We’ve partnered with Bhalu Insurance, because they’re THE experts in Workers Comp Insurance for household employers. In fact, that’s literally all they do. Check out their site for a free quote or give them a shout. We think they’re pretty awesome.


If you choose to reimburse your employee for driving on the job, you can use the current federal mileage reimbursement rate.  Mileage reimbursement is not considered taxable compensation. 


Effective January 1, 2022, all Colorado employers are required to provide paid sick leave to their employees. Under the Healthy Families and Workplace Act, employees are entitled to accrue paid sick leave in the amount of one hour for every 30 hours worked, up to a cap of 48 hours per benefit year. In addition, on the day a public health emergency (like COVID) is declared, employers are required to supplement the number of hours accrued to bring employees up to the following paid sick leave allotments immediately: (1) for employees who normally work 40 or more hours in a week, at least 80 hours; or (2) for employees who normally work fewer than 40 hours in a week, at least the greater of either the number of hours the employee (a) is scheduled for work or paid leave in the upcoming 14-day period, or (b) actually worked on average in the 14-day period prior to the declaration of the PHE.

Under Colorado law, accrued PTO or vacation pay must be paid upon termination of employment even if the separation is voluntary.

Colorado provides up to 12 weeks of paid family and medical leave (PFML) funded through a payroll tax paid by both employers and employees in a 50/50 split. Employers and employees will start paying into PFML in 2023, and the earliest employees will be able to take this paid leave is January 1, 2024.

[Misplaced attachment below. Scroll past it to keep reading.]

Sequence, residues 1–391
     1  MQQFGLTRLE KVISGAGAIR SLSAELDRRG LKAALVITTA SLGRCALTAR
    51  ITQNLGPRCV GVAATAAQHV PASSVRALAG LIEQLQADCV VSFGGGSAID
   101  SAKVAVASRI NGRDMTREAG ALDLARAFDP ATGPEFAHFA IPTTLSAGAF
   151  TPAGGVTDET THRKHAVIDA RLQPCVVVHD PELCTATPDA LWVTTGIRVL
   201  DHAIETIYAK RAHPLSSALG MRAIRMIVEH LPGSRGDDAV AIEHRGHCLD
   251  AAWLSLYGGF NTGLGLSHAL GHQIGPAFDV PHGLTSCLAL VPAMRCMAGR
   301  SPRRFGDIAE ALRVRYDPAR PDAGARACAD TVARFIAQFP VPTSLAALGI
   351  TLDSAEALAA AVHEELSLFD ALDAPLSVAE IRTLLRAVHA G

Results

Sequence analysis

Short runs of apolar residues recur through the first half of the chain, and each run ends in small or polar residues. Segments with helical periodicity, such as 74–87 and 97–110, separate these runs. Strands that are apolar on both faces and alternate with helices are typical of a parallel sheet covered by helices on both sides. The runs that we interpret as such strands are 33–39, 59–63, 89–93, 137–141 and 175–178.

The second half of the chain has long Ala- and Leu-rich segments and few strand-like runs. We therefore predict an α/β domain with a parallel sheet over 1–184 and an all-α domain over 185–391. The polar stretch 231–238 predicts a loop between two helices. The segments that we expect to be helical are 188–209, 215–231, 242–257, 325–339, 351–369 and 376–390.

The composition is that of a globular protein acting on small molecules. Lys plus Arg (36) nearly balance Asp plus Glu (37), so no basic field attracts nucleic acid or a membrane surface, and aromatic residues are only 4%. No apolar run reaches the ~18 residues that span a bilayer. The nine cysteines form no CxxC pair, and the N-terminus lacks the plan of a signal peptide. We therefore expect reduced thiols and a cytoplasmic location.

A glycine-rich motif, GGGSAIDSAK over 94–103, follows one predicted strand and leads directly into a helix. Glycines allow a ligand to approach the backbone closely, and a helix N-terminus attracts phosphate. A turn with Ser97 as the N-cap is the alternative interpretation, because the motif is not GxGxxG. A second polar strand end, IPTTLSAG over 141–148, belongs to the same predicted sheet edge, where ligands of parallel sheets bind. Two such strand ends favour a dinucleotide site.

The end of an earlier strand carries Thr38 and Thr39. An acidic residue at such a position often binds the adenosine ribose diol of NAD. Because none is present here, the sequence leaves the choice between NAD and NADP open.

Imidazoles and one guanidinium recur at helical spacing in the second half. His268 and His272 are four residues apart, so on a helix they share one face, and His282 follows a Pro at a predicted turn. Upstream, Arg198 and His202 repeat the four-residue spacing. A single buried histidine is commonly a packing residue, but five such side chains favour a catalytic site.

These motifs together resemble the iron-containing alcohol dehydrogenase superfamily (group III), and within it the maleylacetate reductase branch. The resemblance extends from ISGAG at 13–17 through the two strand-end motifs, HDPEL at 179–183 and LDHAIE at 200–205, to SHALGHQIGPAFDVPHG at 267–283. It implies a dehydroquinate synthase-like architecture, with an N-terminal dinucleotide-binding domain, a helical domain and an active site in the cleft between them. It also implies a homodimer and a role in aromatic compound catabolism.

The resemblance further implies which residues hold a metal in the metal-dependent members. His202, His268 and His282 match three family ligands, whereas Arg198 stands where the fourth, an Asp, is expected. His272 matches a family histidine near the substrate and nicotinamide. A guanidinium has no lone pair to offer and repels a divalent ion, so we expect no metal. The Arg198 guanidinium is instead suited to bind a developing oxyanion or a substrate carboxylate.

Household employers must keep accurate records of hours worked by employees and wages paid on an ongoing basis. These records must be kept for at least 5 years. With Poppins, we’ll keep all this information in your online filing cabinet, which you’ll be able to access even after you’re not using us to run your payroll.


All employers are required to post a number of notices for the benefit of their employees.


All Colorado employers with 5 or more employees that have been in business for at least 2 years, are required to offer their employees a retirement savings plan. This can be a traditional pension, a 401(k) plan, a 403(b) plan, a SEP Plan, a SIMPLE IRA plan, a governmental deferred compensation plan — or an account from Colorado SecureSavings.